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artisanal film reviews | by maryann johanson

The Men Who Stare at Goats (review)

Man? Or Goat?

I’m not sure if I’ve seen a more sublimely funny moment on screen this year than the one in which George Clooney, in all deep serious earnestness, tries to convince Ewan McGregor that he — McGregor, that is — is a Jedi warrior.

“What is a Jedi warrior?” McGregor had asked earlier, when Clooney, in all deep serious earnestness, insisted that he — Clooney, that is — was one.
Now, it’s a safe assumption that McGregor’s (Amelia, Angels & Demons) journalist, Bob Wilton, knows what a fictional Jedi warrior is, and not just because McGregor has previously portrayed one of the ultimate examples of the breed, Obi-Wan Kenobi. Because as the film opens, as Bob — from his far-more-knowledgeable perch in his future — introduces us to himself and his miserable life in Middle America circa 2002, as he introduces some of the concepts that he will be relating to us over the course of the ensuing 90 minutes of cheeky, baffled madness, he likens himself to Luke Skywalker or Bilbo Baggins, an unassuming everyman about to embark upon a journey that will change his life and expand his horizons forever.

But Bob is now dealing with Clooney’s (Burn After Reading, Michael Clayton) wonderfully batshit looney (or is he?) Lyn Cassady, a former (or is he?) U.S. Army operative who was trained (or was he?) in the craziest-ass shit you’ve ever heard of: psychic warfare. Spying on the Russkies via out-of-body experiences. Killing opponent warriors — or goats, for practice; or, in one funny and poignant bit, hamsters — by, you know, staring at them. It’s completely insane, except there are reports that this kind of thing really did go on during the Cold War (it’s sorta Catch 22 meets Ghostbusters, or Dr. Venkman meets Dr. Strangelove in the War Room). Which would, if true, leave veterans of such a program running around looking to get into trouble today, in the midst of Gulf War II, when Bob first encounters Lyn after he — Bob, that is — runs away from his miserable life in Middle America hoping to find solace and redemption in being a manly war correspondent in Iraq.

“More of this is true than you would believe,” insists the placard that opens The Men Who Stare at Goats, and maybe that’s true. Or maybe it’s just a put-on of a different but similar order to, say, The Fourth Kind also opening this weekend. And while it’s questionable whether the hippie-dippy “New Earth Army” actually exists — as Lyn relates its history, from Vietnam to the present day, to Bob as they drive around the deserts of Kuwait in 2003 looking for a way into Iraq as the macho imperialistic Western invasion gets underway in earnest — there is no doubt that the yearning and the questioning and the skepticism it all encapsulates about modern masculinity is achingly authentic. Even if it is presented via a smartly low-key and howlingly hilarious perspective…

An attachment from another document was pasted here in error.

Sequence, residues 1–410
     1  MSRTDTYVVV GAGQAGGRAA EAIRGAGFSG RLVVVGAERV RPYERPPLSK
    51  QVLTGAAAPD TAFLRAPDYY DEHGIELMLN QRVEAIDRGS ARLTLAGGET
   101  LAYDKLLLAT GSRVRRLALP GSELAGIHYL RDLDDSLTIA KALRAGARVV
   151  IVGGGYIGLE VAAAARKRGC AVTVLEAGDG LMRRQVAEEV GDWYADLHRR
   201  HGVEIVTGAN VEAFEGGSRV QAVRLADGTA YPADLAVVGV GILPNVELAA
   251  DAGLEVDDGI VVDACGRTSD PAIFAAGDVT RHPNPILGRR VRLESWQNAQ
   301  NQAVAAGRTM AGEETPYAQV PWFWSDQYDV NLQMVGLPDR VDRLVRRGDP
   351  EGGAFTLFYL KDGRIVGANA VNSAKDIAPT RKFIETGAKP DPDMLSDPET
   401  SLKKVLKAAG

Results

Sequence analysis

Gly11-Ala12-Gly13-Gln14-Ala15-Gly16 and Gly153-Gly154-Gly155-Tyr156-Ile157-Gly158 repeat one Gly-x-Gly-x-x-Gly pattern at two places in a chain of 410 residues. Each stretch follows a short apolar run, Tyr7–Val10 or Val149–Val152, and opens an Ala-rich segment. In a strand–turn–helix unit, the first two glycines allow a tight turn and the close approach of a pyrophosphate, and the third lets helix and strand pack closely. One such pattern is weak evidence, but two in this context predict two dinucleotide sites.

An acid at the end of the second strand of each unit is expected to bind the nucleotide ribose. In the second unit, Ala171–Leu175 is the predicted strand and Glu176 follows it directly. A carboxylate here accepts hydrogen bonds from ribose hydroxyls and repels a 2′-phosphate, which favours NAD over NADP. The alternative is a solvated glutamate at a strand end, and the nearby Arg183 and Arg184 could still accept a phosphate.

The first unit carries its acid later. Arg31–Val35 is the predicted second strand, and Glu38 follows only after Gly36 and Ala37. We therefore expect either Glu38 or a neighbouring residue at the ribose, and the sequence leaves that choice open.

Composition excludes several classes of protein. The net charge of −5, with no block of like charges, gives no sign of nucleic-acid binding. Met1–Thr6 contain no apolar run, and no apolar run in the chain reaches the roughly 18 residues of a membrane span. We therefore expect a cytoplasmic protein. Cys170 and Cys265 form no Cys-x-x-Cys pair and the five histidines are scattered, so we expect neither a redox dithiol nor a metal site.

“We have to dream a new America,” Lyn’s commanding officer, Jeff Bridges’ (How to Lose Friends and Alienate People, Iron Man) Bill Django, explains to Lyn and other recruits in the post-Vietnam era, as he — Bill, that is — begins a program within the Army, back in the 1970s, to create “warrior monks” who strive for peace through positive thinking, embracing Mother Earth, and profoundly beating the shit out of bad guys who nevertheless happen to get in their way. This all happens in flashbacks, as Bob relates it to us as Lyn has, supposedly, related it to him, and the uncertainty as to the truth of any of it becomes a sort of underscore to Bob’s uncertainty about what his life is about. He left Ann Arbor to escape a broken marriage — when we first meet him, he is actually in tears over his heartbreak, which is a more vulnerable and open position than we’re used to seeing men onscreen being in. But has he found anything better in Lyn’s vision of do-goodery? Is the new America waiting to be discovered by men who feel rather than act? Are real men warriors, or are only Jedi warriors real men? Or are men who believe themselves to be Jedi warriors just crazy?

Do real, sane men, in other words, stare at goats?

Director Grant Heslov (a member of Clooney’s posse; he was a cowriter and producer on Good Night, and Good Luck.) and screenwriter Peter Straughan (How to Lose Friends and Alienate People) — adapting the book of the same name by Jon Ronson [Amazon U.S.] [Amazon U.K.] — are as much at a loss as Bob to figure out what modern manhood is. (Lyn seems pretty confident in his masculinity, though he’s such a cocky bastard that it’s hard to know what he really thinks.) That’s fine. The mission isn’t the answer. The mission is the question.


MPAA: rated R for language, some drug content and brief nudity

viewed at a semipublic screening with an audience of critics and ordinary moviegoers

official site | IMDb | trailer
more reviews: Movie Review Query Engine
  • CB

    I’m so going to see this movie.

  • There is something you need to know.

    About goats.

    That get stared at.

    They stare back.

    Soon, there will be Goats Who Stare At Men.

    And the War for Earth will begin in earnest.